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Hi BruceThis goes way back to my college internship with the Civil Aeronautics Board's Bureau of International Aviation (CAB/BIA).The CAB was the economic regulator of commercial air traffic and routes prior to "deregulation". When that occured most of the CAB went away. Back then it awarded routes, set airfares and generally governed the commercial aspect of airline life.Being an International Relations Major and flight junky I was selected to do an internship in early 80's there. So most of this stuff is pretty dated...At that time and I believe today international air-carrier operations is agreed to under a bi-lateral agreement between two soverign nations. The US Dept of State negotiates renewal of the agreements with the foreign governments. Through this process various restrictions and concessions are added. (I recall seeing the one with the Soviet Union flying into IAD that specified actual route and times they could fly).Anyway, airlines would then apply to the CAB (I suppose the DoT now) for authorization to service these routes. The routes then were awarded to the various carriers who applied based on analysis and politics.One of the most important aspects was the granting of "freedoms" or rights to carry passengers to different cities in the world. the 5th Freedom was the most sought after for it allowed for an airline to provide service between two cities in a foreign country. That is a Northwest flight could land at NRT, pick up passengers and fly to Osaka, basically competing with a Japanese domestic carrier. You'll probably find a better explaination doing a Google on it.So really, all SWA would have to do is apply to the DoT for authorization under the Anglo-US bilateral agreement and hope for approval.As far as Heathrow is concerned....politics.Tim757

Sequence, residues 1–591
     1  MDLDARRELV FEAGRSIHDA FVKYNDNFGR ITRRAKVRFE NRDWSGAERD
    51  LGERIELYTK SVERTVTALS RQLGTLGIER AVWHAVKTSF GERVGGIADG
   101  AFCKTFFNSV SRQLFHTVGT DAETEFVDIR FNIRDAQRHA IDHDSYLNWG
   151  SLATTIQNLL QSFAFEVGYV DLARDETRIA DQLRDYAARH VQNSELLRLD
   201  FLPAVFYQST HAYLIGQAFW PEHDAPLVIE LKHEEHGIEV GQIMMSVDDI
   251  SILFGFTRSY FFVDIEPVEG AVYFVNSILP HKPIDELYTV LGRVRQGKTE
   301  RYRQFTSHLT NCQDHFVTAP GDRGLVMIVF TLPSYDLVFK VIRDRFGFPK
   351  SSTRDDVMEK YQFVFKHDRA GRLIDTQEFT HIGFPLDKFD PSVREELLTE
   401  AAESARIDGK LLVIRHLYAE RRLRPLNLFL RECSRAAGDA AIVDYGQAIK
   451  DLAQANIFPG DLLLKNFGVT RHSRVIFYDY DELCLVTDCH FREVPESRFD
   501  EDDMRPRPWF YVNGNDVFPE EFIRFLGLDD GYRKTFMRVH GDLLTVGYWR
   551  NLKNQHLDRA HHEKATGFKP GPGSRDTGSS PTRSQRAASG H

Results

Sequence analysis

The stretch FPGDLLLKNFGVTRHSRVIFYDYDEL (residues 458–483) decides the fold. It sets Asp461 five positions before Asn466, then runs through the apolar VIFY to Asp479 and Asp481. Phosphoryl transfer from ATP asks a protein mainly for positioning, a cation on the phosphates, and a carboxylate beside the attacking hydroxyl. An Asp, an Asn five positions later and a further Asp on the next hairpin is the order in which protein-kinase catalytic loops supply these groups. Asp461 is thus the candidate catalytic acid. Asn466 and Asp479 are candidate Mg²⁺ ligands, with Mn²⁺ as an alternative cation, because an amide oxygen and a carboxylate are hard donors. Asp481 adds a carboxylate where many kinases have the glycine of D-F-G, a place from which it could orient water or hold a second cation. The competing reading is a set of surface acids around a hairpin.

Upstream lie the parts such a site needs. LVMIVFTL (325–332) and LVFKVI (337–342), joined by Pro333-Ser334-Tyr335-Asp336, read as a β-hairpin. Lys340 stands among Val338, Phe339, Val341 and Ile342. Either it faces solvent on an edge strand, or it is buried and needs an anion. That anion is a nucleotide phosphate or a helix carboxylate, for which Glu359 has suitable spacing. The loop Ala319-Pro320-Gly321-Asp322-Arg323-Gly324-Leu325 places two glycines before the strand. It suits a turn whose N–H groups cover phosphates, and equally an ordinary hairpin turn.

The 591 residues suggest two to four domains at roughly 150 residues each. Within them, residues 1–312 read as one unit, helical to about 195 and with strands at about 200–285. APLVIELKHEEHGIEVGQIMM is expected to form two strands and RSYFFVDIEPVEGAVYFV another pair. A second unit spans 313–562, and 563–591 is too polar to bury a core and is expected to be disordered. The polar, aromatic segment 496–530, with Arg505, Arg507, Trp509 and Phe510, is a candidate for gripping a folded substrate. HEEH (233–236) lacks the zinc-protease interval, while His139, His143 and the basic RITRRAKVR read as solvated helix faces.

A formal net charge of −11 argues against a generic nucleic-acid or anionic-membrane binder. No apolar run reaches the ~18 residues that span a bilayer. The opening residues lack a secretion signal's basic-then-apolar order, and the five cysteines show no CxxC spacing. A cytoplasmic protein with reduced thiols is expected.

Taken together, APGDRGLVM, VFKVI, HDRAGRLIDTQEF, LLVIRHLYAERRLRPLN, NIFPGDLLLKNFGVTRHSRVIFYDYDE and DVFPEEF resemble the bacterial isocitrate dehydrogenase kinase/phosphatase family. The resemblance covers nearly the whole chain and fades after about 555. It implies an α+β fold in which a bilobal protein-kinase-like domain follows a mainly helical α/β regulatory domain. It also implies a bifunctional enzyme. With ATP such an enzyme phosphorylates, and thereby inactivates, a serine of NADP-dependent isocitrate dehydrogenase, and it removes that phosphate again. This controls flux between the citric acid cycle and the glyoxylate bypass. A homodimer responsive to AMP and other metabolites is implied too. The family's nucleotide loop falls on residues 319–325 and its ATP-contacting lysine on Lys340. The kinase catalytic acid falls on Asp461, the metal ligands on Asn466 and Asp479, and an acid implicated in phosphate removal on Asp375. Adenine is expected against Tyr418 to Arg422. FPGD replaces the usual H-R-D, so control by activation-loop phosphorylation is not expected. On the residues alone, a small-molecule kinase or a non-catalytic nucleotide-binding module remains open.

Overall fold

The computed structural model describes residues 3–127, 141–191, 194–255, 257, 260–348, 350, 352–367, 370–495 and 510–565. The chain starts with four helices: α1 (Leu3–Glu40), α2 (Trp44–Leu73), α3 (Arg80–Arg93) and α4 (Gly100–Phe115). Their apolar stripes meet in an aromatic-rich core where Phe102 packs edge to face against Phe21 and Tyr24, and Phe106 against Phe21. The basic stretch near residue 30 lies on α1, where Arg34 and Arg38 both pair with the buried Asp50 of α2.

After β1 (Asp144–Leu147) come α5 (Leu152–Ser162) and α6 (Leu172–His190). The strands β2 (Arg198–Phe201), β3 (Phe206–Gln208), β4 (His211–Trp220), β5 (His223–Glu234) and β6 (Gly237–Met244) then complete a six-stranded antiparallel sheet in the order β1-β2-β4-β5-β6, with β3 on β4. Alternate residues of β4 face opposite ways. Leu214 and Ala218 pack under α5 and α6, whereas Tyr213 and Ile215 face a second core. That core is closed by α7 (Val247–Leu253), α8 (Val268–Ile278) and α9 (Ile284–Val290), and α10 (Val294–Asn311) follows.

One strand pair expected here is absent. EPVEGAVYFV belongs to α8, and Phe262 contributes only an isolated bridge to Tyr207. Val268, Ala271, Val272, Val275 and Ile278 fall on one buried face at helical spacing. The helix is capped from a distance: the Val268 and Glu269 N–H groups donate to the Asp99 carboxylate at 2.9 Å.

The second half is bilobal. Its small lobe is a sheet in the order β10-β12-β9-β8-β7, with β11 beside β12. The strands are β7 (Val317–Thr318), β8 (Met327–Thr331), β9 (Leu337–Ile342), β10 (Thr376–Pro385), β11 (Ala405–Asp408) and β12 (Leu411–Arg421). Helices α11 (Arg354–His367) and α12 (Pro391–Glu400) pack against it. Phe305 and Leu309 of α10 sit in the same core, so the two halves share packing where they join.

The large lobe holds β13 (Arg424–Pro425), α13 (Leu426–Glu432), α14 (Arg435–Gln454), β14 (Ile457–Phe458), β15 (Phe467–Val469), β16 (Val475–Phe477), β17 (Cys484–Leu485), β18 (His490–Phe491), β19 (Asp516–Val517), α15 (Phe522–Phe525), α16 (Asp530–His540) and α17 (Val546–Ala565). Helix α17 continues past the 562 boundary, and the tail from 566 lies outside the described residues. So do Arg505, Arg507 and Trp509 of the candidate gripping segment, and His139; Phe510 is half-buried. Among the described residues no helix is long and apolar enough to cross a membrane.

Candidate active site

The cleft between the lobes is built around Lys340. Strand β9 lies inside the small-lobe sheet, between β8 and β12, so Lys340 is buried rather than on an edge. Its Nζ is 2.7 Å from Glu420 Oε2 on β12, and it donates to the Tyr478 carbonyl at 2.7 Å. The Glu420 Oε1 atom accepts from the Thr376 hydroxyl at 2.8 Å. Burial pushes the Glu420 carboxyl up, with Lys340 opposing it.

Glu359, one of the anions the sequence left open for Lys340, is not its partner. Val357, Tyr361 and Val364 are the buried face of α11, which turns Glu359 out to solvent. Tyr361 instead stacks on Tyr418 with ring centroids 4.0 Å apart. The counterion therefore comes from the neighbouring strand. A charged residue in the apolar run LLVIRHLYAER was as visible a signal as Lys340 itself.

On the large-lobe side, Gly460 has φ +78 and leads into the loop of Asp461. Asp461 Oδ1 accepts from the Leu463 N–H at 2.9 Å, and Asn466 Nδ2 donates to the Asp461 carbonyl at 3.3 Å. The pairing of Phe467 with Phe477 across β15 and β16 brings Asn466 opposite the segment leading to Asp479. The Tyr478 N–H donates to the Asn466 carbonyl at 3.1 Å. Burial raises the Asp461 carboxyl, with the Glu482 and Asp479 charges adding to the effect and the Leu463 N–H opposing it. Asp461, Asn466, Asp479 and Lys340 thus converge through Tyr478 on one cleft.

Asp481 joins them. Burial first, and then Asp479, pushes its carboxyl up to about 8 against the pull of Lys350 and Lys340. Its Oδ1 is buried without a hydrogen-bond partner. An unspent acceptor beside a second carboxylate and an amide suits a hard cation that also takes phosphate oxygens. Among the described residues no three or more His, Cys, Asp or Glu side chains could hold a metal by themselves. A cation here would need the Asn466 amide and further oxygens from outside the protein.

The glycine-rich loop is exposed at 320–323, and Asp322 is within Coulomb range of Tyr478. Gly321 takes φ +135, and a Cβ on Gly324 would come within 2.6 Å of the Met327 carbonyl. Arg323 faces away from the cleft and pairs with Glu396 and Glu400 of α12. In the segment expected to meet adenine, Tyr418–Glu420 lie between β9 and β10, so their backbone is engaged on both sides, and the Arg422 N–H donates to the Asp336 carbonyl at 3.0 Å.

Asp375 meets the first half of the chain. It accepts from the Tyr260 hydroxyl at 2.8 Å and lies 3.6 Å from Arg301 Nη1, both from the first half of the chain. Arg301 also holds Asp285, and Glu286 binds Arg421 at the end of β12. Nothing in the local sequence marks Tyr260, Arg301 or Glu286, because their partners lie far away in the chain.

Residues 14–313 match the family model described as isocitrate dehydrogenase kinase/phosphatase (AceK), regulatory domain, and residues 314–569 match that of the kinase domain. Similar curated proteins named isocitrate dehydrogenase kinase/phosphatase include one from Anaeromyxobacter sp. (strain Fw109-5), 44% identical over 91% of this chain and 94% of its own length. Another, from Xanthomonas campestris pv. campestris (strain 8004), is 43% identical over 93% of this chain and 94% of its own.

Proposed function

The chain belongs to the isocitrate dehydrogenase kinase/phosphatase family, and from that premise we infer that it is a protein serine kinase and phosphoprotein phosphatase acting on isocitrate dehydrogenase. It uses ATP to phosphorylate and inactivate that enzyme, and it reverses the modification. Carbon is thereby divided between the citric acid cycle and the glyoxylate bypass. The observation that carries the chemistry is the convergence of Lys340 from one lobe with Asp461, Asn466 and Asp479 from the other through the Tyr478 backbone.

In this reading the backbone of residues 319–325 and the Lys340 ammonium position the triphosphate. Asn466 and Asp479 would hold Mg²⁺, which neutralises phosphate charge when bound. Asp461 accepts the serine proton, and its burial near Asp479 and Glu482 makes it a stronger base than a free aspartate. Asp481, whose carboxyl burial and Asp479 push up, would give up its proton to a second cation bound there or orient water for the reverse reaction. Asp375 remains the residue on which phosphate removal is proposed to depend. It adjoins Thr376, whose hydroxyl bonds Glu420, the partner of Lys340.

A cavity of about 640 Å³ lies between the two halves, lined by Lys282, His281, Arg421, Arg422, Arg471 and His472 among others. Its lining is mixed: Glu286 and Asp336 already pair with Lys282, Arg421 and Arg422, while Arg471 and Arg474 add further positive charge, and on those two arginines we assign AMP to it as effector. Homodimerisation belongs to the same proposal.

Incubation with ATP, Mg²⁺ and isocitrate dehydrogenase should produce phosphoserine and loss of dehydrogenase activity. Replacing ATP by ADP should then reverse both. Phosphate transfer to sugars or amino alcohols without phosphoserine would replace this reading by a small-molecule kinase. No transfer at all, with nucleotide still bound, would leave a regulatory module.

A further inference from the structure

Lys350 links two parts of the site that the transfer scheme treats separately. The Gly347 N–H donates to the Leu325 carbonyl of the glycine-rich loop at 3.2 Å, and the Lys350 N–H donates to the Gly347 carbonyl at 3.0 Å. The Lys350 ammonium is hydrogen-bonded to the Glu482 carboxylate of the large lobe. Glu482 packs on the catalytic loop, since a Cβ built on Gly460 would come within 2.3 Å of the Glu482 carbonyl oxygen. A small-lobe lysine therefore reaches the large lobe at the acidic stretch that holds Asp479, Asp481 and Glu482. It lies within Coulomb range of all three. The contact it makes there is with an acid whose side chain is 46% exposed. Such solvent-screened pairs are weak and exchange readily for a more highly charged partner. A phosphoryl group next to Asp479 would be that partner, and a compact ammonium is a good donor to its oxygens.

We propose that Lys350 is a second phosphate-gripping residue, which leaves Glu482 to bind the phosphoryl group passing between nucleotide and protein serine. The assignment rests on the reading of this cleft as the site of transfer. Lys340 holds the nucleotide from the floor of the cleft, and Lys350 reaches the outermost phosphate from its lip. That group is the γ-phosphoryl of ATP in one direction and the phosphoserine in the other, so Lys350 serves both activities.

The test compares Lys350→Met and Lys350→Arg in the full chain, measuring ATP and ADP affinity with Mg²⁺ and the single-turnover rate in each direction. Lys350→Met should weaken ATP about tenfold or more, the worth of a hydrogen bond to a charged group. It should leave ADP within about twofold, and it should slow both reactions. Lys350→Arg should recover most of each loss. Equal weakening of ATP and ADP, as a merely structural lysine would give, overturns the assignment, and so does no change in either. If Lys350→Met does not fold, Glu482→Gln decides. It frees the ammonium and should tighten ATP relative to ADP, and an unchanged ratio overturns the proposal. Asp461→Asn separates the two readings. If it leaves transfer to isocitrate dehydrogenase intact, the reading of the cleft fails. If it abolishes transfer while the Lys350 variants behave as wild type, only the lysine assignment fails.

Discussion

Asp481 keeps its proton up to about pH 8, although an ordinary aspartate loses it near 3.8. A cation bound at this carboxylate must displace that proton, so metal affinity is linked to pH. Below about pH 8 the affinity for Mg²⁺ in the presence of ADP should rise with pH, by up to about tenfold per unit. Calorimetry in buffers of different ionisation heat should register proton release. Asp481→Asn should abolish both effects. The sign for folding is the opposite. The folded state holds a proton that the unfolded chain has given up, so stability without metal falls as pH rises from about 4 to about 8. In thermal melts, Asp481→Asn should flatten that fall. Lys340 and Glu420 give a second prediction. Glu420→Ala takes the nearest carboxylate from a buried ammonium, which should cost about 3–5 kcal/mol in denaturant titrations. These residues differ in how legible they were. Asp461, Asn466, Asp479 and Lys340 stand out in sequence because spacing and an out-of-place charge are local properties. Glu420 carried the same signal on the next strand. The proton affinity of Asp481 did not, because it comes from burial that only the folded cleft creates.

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Thanks Tim. Sounds very complicated!Bruce.